Kenya Power has turned to the Directorate of Criminal Investigations (DCI) officers to stem the rising cases of vandalism and protect electricity equipment.
The utility firm has signed a partnership that will see the DCI second 42 officers to work with its security team in dealing with cases of vandalism, theft of electricity and fibre, as well as illegal encroachment of wayleaves.
The collaborative approach comes on the back of Kenya Power witnessing a 46 percent growth in cases of transformer vandalism in the financial year ended June.
Kenya Power said the vandalism affected 242 transformers in the review period, up from 165 units that were destroyed in the previous year.
“We have witnessed a recent surge in cases of vandalism and illegal connections across the country leading to unplanned power outages that inconvenience our customers,” said Joseph Siror, the managing director at Kenya Power.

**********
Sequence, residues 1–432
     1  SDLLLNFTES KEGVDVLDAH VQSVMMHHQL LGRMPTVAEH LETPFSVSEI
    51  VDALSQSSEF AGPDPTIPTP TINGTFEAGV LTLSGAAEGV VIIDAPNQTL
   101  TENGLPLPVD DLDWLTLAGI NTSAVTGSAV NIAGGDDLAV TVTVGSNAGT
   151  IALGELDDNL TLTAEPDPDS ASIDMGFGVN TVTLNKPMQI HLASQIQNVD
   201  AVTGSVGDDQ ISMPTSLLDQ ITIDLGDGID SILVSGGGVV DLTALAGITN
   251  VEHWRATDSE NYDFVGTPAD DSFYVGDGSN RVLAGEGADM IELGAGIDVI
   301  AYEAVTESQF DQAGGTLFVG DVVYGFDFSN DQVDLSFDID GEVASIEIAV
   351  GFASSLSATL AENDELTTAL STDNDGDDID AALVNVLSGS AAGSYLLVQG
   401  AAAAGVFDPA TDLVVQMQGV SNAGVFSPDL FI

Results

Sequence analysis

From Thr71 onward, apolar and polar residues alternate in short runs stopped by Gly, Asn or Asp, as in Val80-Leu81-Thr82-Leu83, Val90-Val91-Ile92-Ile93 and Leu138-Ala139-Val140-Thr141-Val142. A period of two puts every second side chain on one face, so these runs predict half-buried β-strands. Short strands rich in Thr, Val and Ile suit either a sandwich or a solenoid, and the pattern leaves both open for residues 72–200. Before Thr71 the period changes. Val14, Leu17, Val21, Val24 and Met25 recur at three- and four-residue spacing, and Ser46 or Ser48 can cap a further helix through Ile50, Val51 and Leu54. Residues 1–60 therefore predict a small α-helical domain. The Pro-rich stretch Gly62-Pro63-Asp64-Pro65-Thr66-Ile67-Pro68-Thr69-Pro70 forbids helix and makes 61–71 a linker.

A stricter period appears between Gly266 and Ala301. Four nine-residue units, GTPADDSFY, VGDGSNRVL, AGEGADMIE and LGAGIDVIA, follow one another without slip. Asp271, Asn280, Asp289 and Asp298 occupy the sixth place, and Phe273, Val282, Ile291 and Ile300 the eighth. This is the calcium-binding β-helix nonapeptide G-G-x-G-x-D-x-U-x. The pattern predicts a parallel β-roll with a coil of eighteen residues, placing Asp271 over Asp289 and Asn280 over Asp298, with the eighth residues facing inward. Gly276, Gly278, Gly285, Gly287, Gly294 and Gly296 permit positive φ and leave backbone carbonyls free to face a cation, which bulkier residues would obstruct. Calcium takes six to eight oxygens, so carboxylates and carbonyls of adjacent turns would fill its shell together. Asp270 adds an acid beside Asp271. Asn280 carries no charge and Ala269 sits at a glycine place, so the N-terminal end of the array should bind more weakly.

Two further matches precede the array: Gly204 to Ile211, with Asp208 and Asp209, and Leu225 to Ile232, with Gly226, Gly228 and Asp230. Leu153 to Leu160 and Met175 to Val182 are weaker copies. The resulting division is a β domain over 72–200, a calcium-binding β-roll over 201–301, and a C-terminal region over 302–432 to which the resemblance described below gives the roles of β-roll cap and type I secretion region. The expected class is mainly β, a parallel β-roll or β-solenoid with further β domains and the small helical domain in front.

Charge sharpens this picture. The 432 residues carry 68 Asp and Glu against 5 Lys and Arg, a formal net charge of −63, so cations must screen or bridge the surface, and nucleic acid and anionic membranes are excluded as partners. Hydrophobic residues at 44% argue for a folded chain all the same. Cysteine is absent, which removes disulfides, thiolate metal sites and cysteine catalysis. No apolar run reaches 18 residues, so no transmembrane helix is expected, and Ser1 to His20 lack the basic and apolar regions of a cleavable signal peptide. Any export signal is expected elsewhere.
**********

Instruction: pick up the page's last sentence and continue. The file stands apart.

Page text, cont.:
“We are confident that the partnership with the DCI will boost our capacity to proactively fight vandalism and other crimes through an intelligence-led approach.”
Besides revenue losses, vandalism and illegal power connections expose the public to the danger of electrocution.
Additionally, vandalism compromises the quality of the power supply, directly affecting the economy.
The vandalism menace has been majorly sustained by those seeking copper materials to sell to scrap metal dealers, costing Kenya Power money.
“Through partnerships such as the one we now have with Kenya Power, we will work collaboratively for purposes of following the money trail, especially among those handling stolen copper and oil from vandalized transformers, so that the masterminds of these activities are arrested and prosecuted,” said Paul Wachira, deputy director for investigations at the DCI.
Since July last year, 1,026 people have been arrested across the country and prosecuted for various illegal activities within the electricity network.
The Treasury in June told the IMF that it expects Kenya Power recovery, supported by the upward review of tariffs and restructuring of operations, to cut the utility firm’s dependence on exchequer support.
Kenya Power posted a Sh3.19 billion net loss for the year ended June 2023 as it took a hit from a sharp rise in financing costs on its hard currency obligations due to the weakening of the shilling